During embryonic development, transcription factors are essential for establishing a code that will determine the fate of neuronal precursors and neurons. However, most proteins that are responsible for a neuron's functional properties have a half-life ranging from minutes to several hours;they therefore must be tightly regulated long after neural development is over in order to maintain neuronal function. Surprisingly, very little is known about the role that transcription factors play in this process. We hypothesize that transcription factors that were initially characterized as early neuro-developmental genes, are required in fully developed motorneurons (MNs) to maintain neuronal function. We propose to drastically affect the levels of three transcription factors gsb, isl and eve within fully developed MNs and determine the neuronal functions they control. The long term goal of this research is to establish the molecular targets of these transcription factors. The Drosophila neuromuscular junction (NMJ) provides a model that is well-suited to the study of fully developed MNs. MNs have reached their muscle targets and are releasing neurotransmitter before the end of embryogenesis. We can test MN viability, synaptic structure and physiology 4 to 5 days after they are fully developed, near the end of the larval life, many times longer than the lifetime of the average protein. Moreover, the use of transgenic RNAi and conditional expression allows for knockout of gene expression in fully developed MNs, therefore bypassing the embryonic requirement for transcription factors. We have recently shown that gsb is ubiquitously expressed in fully developed MNs of the late larval CNS. Using immunohistochemistry, we will first show that eve and isl are expressed within a subset of fully developed MNs. In a second aim we will combine classical genetics and the use of the Gal4/UAS system in conjunction with Gal80TS to knock down or over-express transcription factors late, after development. We will then use immunohistochemistry and electron microscopy to determine whether the viability of the MN or the structure of the NMJ is affected by knocking down or over-expressing eve, isl or gsb within fully developed MNs. We will then perform intracellular electrophysiological recordings at the NMJ to determine whether eve, isl or gsb control synaptic release and homeostatic plasticity within fully developed MNs. This study will provide a conceptual template attributing a function to transcription factors within fully developed neurons;this in turn could lead to great insights into the molecular processes of neuronal aging and neuronal degeneration.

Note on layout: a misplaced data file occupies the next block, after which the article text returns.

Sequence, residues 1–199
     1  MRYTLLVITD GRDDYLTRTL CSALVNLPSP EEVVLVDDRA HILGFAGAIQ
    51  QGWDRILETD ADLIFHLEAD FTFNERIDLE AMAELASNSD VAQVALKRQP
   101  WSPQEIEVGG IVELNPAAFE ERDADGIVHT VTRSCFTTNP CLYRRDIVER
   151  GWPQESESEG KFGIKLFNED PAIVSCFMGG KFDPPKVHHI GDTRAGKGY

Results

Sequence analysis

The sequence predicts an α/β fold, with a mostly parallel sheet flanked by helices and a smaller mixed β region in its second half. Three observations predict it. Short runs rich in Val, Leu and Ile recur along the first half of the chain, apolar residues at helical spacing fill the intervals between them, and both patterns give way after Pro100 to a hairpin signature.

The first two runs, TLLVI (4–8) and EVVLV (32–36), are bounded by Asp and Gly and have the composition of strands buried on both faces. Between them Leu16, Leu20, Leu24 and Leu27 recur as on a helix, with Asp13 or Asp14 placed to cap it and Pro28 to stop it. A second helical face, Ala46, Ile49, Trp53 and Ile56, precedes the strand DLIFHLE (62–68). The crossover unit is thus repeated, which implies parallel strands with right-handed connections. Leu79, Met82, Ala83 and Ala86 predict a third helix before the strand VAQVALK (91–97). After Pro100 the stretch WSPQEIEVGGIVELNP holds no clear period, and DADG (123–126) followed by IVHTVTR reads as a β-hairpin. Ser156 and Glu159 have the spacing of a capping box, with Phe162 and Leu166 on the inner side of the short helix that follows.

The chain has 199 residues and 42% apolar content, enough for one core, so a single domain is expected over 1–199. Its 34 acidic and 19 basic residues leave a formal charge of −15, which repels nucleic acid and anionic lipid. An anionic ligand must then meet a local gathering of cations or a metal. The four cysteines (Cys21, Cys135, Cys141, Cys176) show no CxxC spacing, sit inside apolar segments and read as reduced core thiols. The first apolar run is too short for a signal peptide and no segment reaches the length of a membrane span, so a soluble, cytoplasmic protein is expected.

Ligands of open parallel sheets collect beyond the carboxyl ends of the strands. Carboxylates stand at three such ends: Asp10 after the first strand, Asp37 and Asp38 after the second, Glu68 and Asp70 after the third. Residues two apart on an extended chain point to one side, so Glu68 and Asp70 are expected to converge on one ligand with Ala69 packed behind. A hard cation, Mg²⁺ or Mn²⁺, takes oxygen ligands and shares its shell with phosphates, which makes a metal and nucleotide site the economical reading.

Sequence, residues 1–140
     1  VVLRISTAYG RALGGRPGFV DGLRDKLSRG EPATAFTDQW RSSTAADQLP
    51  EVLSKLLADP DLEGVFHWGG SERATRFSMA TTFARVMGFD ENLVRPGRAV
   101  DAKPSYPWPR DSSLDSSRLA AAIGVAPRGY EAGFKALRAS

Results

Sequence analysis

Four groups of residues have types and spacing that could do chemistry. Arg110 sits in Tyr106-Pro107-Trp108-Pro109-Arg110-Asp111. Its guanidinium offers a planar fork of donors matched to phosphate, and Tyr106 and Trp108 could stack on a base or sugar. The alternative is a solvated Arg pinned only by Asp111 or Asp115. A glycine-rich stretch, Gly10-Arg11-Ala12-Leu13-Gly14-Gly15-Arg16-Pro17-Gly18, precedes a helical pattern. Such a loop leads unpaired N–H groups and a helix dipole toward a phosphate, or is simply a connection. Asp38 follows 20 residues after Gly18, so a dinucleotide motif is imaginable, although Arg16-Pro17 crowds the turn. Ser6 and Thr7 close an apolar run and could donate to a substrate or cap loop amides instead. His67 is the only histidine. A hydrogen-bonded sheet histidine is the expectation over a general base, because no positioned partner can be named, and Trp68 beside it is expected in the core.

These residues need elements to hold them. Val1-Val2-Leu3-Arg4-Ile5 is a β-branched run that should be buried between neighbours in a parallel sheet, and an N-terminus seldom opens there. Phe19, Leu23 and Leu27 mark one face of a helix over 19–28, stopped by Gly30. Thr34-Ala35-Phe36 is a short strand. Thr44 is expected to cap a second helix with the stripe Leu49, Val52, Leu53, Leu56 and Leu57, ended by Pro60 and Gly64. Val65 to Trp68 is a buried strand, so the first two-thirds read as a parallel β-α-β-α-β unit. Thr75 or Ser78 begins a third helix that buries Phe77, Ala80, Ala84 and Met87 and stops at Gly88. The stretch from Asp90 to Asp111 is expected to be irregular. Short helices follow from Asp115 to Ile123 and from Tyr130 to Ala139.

Very little is known about the biological mechanisms required to maintain neuronal function during life. This study proposes to show that transcription factors known to be embryonic key regulators are also required to maintain neuronal integrity and electrical properties. This will prove that transcriptional regulators have a broader role outside development and might be important in processes like aging and neurodegenerative diseases.
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